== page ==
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Fish/Sick chocoalet cichlid


QUESTION: Hi there,

 I'm inquiring about some peculiar symptoms that have recently been noticed in a pair of chocolate cichlids in a freshwater 90 gallon community tank. Both cichlids were removed from the main tank and put into quarantine where one has already died. The fish have presented with the following symptoms: swimming upside down; raised scales, mainly around the area of the tail fin and slowly progressing up the rest of the body - this area shows white discoloration. The fish that died had been treated with Melafix with some added aquarium salt to the water once in quarantine. The other fish started showing symptoms after the first one died and was taken out of the main tank later on. Its seems like this is an infection of some sort. Are there any ailments that chocolate cichlids in particular are more susceptible to? Have you seen this before? Any ideas on what this could be? There is also a snakeskin gourami in the tank that has started showing symptoms of raised scales; this is thought to be in connection with the sick cichlids. All other fish appear fine. Thanks in advance for any help you can offer on this subject; I do hope this fish can be saved.

 I have kept chocolate cichlids for many years and I do not know of any diseases that are peculiar to them.  The general symptoms you describe sound very much like some sort of bacterial infection.  

-- Ron C.
  Cichlid Research Home Page <>

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 Thanks for getting back to me so quickly. In your experience, what is the best way to treat something like this? Since it's hard to say exactly what it is, is there any good medication that targets a broad range of pathogenic organisms while still being reasonably effective?

Thanks so much!

Hi Kam,
  To be honest, it is getting very hard to get good medications, due to all sorts of regulations. I put zero faith in the "organic" medications. If you can find one of the strong anti-bacterial meds out there, give it a try.  The absolute best way to do this is to soak the food in the medication -- that will deliver it directly to the fish.  Merely dissolving a bunch of meds in the water is seldom very effective, and takes a lot of medication. If you cannot put it in the food, then a small quarantine tank is the best second choice but I think the biggest hurdle is getting meds in the first place; most stores do not carry them any more.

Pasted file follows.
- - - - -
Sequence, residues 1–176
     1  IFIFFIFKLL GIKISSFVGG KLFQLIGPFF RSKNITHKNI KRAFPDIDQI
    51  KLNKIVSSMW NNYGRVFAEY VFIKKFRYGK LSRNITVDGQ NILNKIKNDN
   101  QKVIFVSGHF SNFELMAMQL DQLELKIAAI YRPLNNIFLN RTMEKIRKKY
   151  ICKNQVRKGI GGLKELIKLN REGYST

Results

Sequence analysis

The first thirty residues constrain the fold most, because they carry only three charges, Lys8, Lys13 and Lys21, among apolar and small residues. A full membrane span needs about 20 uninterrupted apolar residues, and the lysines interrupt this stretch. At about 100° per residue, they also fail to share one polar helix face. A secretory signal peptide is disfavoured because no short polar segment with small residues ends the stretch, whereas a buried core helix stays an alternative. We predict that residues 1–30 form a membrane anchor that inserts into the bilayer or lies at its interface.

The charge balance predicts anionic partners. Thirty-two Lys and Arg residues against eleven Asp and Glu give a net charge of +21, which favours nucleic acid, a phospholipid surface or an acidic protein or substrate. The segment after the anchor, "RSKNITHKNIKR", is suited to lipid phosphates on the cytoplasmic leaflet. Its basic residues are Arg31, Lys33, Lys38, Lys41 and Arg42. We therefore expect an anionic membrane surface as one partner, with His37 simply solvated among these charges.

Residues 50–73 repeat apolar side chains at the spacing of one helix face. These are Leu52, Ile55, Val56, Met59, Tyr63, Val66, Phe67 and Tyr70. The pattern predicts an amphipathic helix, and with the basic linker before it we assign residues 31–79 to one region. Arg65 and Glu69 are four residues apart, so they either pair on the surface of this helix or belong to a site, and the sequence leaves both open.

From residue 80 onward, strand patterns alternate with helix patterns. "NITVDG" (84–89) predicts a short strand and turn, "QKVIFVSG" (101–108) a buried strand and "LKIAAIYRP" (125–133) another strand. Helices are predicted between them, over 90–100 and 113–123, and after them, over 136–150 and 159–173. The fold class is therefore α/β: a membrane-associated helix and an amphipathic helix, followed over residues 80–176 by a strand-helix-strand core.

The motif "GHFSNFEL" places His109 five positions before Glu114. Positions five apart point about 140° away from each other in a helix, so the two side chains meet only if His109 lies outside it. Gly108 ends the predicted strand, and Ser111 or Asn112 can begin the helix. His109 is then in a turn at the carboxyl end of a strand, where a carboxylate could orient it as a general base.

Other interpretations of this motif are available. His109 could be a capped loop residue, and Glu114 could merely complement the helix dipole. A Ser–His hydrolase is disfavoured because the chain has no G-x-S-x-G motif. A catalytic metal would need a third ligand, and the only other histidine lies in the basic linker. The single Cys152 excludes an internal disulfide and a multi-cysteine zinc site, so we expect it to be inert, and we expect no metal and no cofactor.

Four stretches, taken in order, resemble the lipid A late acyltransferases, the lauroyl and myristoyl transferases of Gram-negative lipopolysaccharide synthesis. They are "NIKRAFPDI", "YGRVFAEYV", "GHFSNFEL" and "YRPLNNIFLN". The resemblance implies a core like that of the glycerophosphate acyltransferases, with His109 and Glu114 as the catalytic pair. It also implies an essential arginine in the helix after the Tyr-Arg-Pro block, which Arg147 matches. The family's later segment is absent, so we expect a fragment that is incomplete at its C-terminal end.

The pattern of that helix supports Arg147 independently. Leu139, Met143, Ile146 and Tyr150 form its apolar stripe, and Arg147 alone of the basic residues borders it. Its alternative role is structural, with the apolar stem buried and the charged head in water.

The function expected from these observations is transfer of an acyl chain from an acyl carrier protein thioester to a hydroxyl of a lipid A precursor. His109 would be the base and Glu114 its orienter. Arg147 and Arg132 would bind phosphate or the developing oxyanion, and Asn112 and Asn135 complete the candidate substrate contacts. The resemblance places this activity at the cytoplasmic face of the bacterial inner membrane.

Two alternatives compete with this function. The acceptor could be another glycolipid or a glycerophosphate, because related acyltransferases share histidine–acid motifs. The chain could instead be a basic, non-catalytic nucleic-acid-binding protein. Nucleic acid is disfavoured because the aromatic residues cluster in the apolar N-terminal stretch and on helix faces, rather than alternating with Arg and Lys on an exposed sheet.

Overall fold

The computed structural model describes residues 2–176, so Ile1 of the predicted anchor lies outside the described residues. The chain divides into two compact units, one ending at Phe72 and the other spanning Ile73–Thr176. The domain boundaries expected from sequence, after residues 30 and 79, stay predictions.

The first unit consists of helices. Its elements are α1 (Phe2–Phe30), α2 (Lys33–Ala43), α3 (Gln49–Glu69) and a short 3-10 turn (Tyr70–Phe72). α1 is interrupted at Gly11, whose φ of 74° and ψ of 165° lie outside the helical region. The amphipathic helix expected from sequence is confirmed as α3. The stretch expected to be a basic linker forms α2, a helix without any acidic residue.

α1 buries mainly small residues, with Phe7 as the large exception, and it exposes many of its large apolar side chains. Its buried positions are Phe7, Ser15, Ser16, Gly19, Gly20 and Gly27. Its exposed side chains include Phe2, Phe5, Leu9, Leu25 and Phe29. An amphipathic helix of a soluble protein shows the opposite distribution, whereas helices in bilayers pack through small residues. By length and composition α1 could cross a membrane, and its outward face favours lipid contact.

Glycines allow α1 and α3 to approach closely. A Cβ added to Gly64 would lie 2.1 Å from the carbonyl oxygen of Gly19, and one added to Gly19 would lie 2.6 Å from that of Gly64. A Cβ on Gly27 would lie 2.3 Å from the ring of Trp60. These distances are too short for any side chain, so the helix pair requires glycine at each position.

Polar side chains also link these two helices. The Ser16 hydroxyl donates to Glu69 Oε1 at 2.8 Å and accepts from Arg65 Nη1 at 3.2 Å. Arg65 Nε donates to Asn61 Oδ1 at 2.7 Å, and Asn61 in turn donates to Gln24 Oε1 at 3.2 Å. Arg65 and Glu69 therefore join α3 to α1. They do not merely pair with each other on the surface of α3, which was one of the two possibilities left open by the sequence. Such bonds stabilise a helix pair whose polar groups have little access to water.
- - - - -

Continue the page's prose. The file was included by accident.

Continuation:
-- Ron C.
  Cichlid Research Home Page <>


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Ron Coleman


I am an expert on cichlid fishes, particularly New World cichlids. My broader expertise includes the behavior, ecology and reproduction of fishes in general. (I am NOT an expert on Goldfish). Please do not use abbreviations, such as "my GT has a swollen eye" because I don't know what a "GT" is. The more clearly you can explain your question, the better chance I have of understanding what it is that you seek. I keep fishes both as a scientist and as a hobbyist and I currently maintain about 140 aquariums.


I am an Associate Professor at the California State University, Sacramento in the Department of Biological Sciences, and I run a website, called the Cichlid Research Home Page . I also write for many popular aquarist magazines, and I was editor of Cichlid News magazine for several years. I am a scientist and I spend my time teaching fish biology, ecology, behavior and evolution and doing research on the reproductive biology of fishes, particularly cichlids. I do research in the laboratory and in Costa Rica, Nicaragua and Mexico. My main interest is understanding the evolution of parental care in fishes. I am interested in encouraging greater public awareness, understanding and participation in science.

Cichlid News, Tropical Fish Hobbyist, Freshwater and Marine Aquarium, Science, Behavioural Ecology and Sociobiology, Copeia, Canadian Journal of Zoology, Trends in Ecology and Evolution, AUK, Environmental Biology of Fishes

PhD (Toronto, 1993) MSc (Simon Fraser, 1986) BSc (British Columbia, 1983)

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